From Meredith Vieira, TODAY anchor
We made it to Melbourne, Australia after some 22 hours of flying. Lots of water and sleep aboard Qantas, one of the nicest airlines I've ever experienced. There's something about a pilot with an Australian accent that instills confidence in even a white-knuckled flyer like myself.
We took off Thursday night from JFK and landed in Australia Saturday morning. Then after a quick pit stop at the hotel we all loaded into a van and drove an hour and a half to Prince Philip Island. Among other things, it is home to the Little Penguin sanctuary. The Little Penguin is so called because he is a little guy, smaller than the black and white penguins we all know. Those tuxedoed characters come from Antarctica, whereas the Little Penguins are warm water birds. Every night for thousands of years they have washed onto the beach here and waddled up to their burrows, often dodging foxes and birds of prey. The sanctuary has done much to keep most of the predators away, and since the 1920's visitors have flocked here to watch the nightly penguin ritual. I was told the birds were very timid and might hang by the water's edge if startled. And so I sat as still as possible along with one of the rangers who spoke to me in a whisper. He told me most of the penguins heading in were stuffed with fish they'd been eating all day along the Australian coastline. Upon arrival they would make their way to their burrows where their mates and chicks would be waiting. The penguin parent would regurgitate (sorry, nature isn't always pretty) some of its food for the chicks, and then take over babysitting while the other adult penguin prepared to head out by the next dawn. He also explained why these penguins had a blue back instead of a black one -- the better to blend into the water so no predators could spot them during their long swims.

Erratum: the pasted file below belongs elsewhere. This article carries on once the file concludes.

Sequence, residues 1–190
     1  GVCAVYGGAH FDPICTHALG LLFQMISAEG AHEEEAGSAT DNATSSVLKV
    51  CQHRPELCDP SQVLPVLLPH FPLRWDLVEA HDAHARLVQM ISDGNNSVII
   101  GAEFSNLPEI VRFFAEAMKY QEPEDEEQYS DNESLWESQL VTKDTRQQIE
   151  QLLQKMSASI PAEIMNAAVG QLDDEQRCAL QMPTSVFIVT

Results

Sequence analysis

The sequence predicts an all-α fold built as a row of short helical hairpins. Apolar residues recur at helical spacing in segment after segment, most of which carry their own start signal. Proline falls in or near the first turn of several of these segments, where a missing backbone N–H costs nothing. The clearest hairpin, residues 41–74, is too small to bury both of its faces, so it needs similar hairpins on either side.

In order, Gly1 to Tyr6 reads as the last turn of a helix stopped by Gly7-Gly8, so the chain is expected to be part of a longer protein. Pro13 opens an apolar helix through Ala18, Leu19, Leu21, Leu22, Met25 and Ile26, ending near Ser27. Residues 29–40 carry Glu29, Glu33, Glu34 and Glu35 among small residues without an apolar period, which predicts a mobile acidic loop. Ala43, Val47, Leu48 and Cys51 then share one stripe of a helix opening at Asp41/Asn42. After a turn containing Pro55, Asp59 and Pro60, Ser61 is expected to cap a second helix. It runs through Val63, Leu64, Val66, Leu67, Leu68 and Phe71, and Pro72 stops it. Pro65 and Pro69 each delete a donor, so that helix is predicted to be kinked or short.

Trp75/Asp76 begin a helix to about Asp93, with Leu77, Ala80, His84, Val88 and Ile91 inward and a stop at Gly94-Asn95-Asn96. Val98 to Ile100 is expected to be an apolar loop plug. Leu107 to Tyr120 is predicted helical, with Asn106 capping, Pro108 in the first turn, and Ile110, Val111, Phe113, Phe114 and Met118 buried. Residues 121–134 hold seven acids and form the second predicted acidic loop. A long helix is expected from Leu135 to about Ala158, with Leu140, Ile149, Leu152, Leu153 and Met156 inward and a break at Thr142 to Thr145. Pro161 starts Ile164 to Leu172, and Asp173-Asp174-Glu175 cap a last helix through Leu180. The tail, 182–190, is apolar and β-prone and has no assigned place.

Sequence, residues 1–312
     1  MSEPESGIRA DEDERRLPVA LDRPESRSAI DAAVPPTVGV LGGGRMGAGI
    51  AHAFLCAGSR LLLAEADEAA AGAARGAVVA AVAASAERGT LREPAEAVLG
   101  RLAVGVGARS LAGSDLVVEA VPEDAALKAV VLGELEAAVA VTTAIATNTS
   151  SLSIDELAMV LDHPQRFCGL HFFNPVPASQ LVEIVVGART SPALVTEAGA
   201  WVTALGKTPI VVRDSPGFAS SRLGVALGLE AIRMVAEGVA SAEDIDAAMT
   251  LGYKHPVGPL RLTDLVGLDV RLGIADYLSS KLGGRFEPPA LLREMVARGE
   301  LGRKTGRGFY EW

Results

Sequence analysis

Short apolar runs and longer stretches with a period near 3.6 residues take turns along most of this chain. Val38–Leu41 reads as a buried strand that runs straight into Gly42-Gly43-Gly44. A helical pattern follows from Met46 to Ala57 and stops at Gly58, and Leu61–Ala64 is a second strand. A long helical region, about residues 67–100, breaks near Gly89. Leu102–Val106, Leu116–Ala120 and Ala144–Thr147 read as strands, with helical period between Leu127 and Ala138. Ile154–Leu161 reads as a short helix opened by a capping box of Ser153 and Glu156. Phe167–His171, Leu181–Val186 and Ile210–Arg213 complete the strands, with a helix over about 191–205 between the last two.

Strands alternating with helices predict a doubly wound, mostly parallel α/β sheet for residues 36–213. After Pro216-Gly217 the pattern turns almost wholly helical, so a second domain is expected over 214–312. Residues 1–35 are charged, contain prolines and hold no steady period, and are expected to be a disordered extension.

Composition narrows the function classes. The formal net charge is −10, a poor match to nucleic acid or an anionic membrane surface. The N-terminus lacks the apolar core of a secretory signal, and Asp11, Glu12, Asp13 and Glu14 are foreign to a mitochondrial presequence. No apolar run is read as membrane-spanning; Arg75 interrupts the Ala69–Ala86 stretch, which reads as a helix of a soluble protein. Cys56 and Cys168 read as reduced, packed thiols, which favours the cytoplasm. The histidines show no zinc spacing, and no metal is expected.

All of a sudden I gasped in amazement as a raft of penguins (meaning a group) came into sight. There they were, dozens of them at a time, waddling up the beach while looking from side to side. To think they have done this for centuries, always landing at the same spot. As we sat in silence they moved just past us. It was hard not to laugh, especially at the ones so stuffed with fish they kept toppling onto their bellies. But beyond their comical demeanor lies an amazing creature. Only 20 percent survive the first year of life because their parents often leave them to fend for themselves the first time they venture into the sea. The scientists have put tracking devises on the birds and are monitoring their behavior to see if they are being affected by climate change. And because these birds go out to sea every day and then return, they are an amazing resource for also monitoring the aquatic eco system.
Australia is extremely concerned about its natural assets and the affect of climate change on them. Already some 15 percent of the Great Barrier reef has succumbed to coral bleaching because of warmer water. Just this weekend, thousands took to the streets here demanding urgent climate action now. And yet, Australia is one of the top emitters of greenhouse gases in the world because of its coal production.
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